Shrubs Grown for their Foliage
Shrubs with Special Qualities
As has been mentioned, many shrubs are grown for other qualities as well as flowers. The most important of such qualities are foliage, climbing habit and attractive fruits; and they are so grouped in this section.
Shrubs with Good Foliage
One of the most exciting aspects of modernis the increasing realisation that it is possible to ‘paint’ just as attractive pictures using plants whose leaves are their main attraction as it is using plants whose flowers are their most outstanding beauty. The architectural value of leaves can be one of their best qualities and this is used to striking effect by some gardeners, who combine shrubs, , , and trees.
The colours of leaves are astonishingly varied. The greens alone contain an extremely subtle range of shades, very nearly impossible to reproduce in a painting, but besides these, leaf colours may be purple, red, yellow, blue, white, silver, grey and orange — in fact nearly every colour imaginable, exactly as they occur in flowers. True, colours tend to be simple, ie. red, orange or blue, with little variation in tone, whereas in flowers the range in each colour is as great as the range of greens in leaves, but nevertheless the colours are there, and only need looking for; they are certainly not restricted to green as one usually imagines.
The variation in the colour of the foliage of conifers has to be seen to be believed. Thuya orientalis has golden tips to its fan-shaped sprays of ‘leaves’ giving it an all-over sunny effect; Taxus baeeata fastigiata aurea, the upright-growing variety of the golden yew, gives a much more golden effect rather than a yellow-green appearance. One or two conifers incan add immeasurably to the setting for the flowering plants and are most attractive in the bleak winter months.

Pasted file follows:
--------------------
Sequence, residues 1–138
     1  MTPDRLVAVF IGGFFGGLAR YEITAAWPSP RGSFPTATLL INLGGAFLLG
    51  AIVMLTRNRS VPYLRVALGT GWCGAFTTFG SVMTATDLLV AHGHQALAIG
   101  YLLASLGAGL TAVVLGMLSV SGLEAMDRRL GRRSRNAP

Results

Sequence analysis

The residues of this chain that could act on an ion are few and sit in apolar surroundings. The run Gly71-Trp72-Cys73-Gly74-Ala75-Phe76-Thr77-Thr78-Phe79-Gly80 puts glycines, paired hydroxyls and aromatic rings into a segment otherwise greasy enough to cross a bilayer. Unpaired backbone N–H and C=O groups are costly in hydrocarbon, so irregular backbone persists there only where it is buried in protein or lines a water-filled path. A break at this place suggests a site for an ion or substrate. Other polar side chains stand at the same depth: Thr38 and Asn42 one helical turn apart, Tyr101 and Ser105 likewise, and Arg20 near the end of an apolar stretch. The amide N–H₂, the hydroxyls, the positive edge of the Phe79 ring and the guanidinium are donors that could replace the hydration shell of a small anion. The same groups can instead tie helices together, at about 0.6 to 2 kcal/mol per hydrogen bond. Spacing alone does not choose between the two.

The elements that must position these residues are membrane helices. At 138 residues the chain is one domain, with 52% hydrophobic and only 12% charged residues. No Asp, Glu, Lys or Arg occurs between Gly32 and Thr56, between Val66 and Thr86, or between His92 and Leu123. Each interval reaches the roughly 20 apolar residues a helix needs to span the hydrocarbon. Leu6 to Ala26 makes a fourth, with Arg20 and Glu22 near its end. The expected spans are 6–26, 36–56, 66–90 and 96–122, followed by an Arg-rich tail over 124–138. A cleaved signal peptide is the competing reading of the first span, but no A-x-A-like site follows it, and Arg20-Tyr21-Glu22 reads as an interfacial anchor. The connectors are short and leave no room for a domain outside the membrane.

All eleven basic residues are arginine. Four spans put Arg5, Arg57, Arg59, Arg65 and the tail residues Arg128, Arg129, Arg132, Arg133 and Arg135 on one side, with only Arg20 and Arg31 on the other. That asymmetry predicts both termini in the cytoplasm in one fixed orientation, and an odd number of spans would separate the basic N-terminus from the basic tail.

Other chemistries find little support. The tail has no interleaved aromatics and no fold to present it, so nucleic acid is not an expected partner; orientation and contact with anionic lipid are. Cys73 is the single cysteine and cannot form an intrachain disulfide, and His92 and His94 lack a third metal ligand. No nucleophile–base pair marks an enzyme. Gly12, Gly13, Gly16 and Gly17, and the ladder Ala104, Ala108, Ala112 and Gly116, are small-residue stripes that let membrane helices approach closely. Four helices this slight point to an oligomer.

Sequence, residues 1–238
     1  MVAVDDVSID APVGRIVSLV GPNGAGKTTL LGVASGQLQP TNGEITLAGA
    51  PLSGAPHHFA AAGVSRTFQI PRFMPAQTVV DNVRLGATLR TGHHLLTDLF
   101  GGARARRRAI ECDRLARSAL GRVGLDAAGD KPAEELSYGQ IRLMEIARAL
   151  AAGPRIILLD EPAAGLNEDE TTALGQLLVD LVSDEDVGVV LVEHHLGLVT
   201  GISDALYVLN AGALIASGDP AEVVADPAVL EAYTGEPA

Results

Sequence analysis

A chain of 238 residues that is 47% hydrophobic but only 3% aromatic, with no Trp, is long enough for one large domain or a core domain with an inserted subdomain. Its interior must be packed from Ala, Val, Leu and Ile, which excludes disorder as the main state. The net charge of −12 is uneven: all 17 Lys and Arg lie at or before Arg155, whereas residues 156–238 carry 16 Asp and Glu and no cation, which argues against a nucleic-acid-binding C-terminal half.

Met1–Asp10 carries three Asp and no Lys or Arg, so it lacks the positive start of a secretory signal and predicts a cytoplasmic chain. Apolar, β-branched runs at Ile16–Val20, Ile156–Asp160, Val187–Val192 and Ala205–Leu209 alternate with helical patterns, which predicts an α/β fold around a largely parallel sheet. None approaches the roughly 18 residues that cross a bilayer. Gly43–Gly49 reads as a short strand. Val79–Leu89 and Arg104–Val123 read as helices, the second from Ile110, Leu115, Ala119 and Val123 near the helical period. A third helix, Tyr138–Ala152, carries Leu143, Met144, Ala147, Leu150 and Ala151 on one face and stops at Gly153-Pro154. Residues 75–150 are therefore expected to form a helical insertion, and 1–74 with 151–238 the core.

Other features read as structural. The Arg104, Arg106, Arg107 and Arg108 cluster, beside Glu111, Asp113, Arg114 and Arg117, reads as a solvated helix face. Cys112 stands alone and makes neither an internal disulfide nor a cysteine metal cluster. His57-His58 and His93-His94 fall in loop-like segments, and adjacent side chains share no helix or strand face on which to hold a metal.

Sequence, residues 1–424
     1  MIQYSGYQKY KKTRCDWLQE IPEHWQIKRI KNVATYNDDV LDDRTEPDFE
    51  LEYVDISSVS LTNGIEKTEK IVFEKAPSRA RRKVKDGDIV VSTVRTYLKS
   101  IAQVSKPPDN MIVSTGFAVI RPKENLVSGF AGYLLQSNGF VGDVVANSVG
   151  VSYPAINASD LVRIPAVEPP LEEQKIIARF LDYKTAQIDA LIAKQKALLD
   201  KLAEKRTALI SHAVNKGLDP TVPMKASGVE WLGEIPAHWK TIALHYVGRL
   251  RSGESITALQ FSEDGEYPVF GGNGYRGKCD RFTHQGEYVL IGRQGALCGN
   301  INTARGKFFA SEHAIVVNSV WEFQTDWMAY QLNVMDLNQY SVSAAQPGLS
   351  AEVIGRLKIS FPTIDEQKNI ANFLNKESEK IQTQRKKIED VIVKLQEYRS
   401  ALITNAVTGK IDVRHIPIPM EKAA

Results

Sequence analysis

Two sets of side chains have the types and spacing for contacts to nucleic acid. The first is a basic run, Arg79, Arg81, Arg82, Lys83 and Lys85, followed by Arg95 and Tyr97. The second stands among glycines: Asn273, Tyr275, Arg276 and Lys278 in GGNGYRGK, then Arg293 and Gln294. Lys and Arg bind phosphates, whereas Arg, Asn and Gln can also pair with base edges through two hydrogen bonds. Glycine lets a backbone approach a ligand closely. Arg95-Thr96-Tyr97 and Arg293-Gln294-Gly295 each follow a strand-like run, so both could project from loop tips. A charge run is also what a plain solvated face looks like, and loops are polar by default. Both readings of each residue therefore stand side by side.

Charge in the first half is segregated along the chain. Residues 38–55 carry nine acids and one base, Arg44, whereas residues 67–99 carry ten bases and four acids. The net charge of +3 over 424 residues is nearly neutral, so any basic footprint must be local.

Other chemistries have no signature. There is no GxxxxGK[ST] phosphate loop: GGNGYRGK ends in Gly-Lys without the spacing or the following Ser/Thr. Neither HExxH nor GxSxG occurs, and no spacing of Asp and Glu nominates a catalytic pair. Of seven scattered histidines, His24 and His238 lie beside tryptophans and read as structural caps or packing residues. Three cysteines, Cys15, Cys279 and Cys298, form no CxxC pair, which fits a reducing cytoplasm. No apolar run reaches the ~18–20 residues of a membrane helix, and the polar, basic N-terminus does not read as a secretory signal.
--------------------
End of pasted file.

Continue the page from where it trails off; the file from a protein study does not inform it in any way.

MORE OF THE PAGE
The Hazel Nut family has a member with striking dark purple leaves — this is Corylus maxima atropurpurea. It reaches a height of 12-15 ft. and makes a handsome specimen. It is.
A shrub with the tongue-twisting name of Cotinus coggygria foliis purpureis has deciduous purple leaves, becoming reddish towards autumn; they make a good foil for silvery-leaved herbaceous plants, or other shrubs. C. e. atropurpureus, also deciduous, is another shrub known as the smoke bush because of its feathery inflorescences — pinkish in colour — which, from a distance, resemble clouds of smoke all over the bush. The leaves turn brilliant yellow in the autumn.
These are handsomeshrubs, with oval pointed-tipped leaves. They make good barriers against the wind. Elaeognus pungens variegata has narrow, light yellow leaf margins, and E. p. maculata has yellow spots and patches on the leaves. E. pungens dieksonii has deep golden variegation and is rather slow growing. E. maerophylla has leaves which are silvered on both sides, the upper side turning bright green as the summer goes on. It has also yellow, rather insignificant flowers in November, which make up for their smallness by their fragrance. Height of all these is about 6 ft. The deciduous-leaved species are not so useful since, besides losing their leaves in winter, the flowers are very small and rather pale, although scented.